When director Mary Harron first sent Christian Bale the script for American Psycho, he didn’t know much about it—except that it was based on a Bret Easton Ellis novel that made people mad.
“I had no idea what to expect. I had not read the book at that time. I had heard of the controversy, people calling for it to be banned, and I was not expecting what I read,” Bale told MovieMaker. “As I read it, I was exploding with laughter. And I didn’t know if that was Mary’s intent.”
Bale proceeded with caution: “I spoke with her on the phone, and I said, ‘I’ve just got to get this over with, because this might end our conversation and insult you. But I find this to be one of the most ridiculous and hilarious scripts.’ And she went, ‘Bingo. That’s it. Please fly out to meet me.’”
Lots of people aren’t sure, at first, how to take American Psycho. When the film premiered at the Sundance Film Festival, almost no one was ready to accept it. It was released in theaters 20 years ago today, on April 14, 2000.
“The amount of hostility at Sundance really did take me aback,” says Harron. “The audience just sat there and did not know how to react. Because this little group of us, the editor, me, Christian, a few other people—we were laughing away. We knew the scenes that are meant to be funny are funny.”
Adds Guinevere Turner, Harron’s co-writer on the film:
“I was supposed to have dinner that night with Kevin Smith. And I was listening to a message from him—he’d gone to the screening—and he said, ‘I don’t feel well, I’m not going to be able to make dinner.’ And I was like, oh, that’s weird. And years later he told me, ‘I hated that movie so much that I couldn’t have dinner with you. I didn’t know what I was going to say. And then I saw it on cable and I realized it’s actually genius.’”
Ellis has always explained that his novel American Psycho is a darkly comic satire of the shallow, greedy men he too-often encountered as a young novelist in 1980s Manhattan. Wall Street serial killer Patrick Bateman, the lead character played by Bale in the film, delivers trite Top 40 critiques and catalogues his rapes and murders in the same disembodied tone. No one believes he’s a killer because he looks just like everyone else in his coterie of well-dressed, handsome stock bros. He reveres Donald Trump.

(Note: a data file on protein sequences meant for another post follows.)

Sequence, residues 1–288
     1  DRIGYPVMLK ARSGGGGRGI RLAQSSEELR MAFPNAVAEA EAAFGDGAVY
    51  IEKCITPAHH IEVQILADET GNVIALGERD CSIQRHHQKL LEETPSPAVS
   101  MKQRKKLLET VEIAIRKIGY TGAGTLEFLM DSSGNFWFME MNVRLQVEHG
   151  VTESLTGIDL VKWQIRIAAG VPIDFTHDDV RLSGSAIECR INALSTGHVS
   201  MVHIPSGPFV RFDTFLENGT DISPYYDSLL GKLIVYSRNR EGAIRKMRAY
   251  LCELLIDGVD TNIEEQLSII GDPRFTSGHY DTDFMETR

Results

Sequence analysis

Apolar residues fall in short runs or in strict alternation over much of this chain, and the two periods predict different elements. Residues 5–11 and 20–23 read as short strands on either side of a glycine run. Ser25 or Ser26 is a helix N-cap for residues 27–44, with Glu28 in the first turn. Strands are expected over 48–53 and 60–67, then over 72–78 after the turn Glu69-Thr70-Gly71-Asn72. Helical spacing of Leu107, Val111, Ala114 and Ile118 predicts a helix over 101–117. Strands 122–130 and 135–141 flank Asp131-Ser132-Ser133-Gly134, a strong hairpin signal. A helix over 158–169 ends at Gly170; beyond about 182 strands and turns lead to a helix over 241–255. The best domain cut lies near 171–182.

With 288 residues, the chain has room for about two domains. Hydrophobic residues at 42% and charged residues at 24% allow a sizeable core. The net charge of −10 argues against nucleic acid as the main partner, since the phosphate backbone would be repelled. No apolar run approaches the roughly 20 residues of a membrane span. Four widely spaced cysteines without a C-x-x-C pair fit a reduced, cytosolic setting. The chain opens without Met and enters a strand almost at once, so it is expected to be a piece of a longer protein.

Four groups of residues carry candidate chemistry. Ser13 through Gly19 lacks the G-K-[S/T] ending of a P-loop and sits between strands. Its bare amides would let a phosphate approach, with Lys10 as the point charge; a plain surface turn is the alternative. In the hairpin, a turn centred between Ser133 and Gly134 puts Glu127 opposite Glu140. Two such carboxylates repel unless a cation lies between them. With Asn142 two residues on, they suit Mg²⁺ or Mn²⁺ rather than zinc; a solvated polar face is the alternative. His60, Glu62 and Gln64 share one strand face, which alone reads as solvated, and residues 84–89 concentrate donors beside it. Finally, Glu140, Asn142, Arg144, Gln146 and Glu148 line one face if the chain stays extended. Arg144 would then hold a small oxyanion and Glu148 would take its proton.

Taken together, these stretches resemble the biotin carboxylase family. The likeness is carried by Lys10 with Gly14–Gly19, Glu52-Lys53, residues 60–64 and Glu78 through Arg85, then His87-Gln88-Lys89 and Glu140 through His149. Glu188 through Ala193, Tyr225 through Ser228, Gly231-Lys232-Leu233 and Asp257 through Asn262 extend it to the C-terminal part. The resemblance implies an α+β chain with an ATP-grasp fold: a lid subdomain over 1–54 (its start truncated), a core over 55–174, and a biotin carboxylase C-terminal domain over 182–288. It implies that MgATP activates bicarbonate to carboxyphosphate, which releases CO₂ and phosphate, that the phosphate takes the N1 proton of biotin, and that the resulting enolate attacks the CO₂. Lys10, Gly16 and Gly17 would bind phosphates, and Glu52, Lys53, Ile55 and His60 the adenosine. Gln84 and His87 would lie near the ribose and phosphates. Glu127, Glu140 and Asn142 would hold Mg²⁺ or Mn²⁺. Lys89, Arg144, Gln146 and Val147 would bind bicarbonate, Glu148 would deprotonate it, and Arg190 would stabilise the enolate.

But long before the rise of cancel culture, the novel stood out for its capacity to divide and offend. Feminist icon Gloria Steinem and members of the National Organization of Women strongly objected to the book in part because of leaked excerpts—removed from the context of the satire that fills most of the pages—that depicted horrific violence against women.
Ellis, disappointed in the film adaptation of his first novel, Less Than Zero, was surprised anyone wanted the movie rights to American Psycho, a book he considered potentially un-filmable.
“There was not a line, believe me, of people who wanted to produce this movie,” Ellis says.
And yet the book eventually passed through many screenwriters, directors and stars, from Ellis to David Cronenberg to Oliver Stone. At one point, Leonardo DiCaprio was cast as Patrick Bateman.
And Harron became perhaps the only movie director ever to quit rather than work with DiCaprio.
Here is MovieMaker’s oral history of American Psycho.
American Psycho, the novel
Objections to the book led to its cancellation by its original publisher in 1990. But the attention helped it become a bestseller when it was published in 1991.
Willem Dafoe, who plays Detective Donald Kimball: Everyone was reading the book among my friends… I liked the book very much. It was very postmodern, it was transgressive, and it walked the line between comedy and something very grave at the same time.
Chloë Sevigny, who plays Jean, Bateman’s secretary: I remember my brother, it was his favorite book, in high school and I think in college. … It was very much ingrained in my psyche, that book, the cover. I thought it was a really powerful story and I guess I wasn’t afraid of the controversy.
I’d already lived through Kids as my first movie, and after that, everything’s kind of easy breezy.
Bret Easton Ellis: The media latched onto this story and turned it into something that I knew it wasn’t. What was initially unsettling was to be part of a scandal that was being created that you knew wasn’t true… To have The New York Times have 14 or 15 stories that are negative about you, that are painting you in a light that is simply not true and are dispensing information that is simply not true—that’s a problem.
Mary Harron: I was living in London, working for the BBC when it came out. And I was working on an arts show and it was a bit of a scandal… one of the producers wanted to do an item on it.
I bought it and started reading it on the subway on the way to work, and as soon as I started reading it, I felt like, this has really been misunderstood. There’s a kind of dark satirical work here that reminded me of Evelyn Waugh. Then when I hit the real violence, I had to stop reading for a while.
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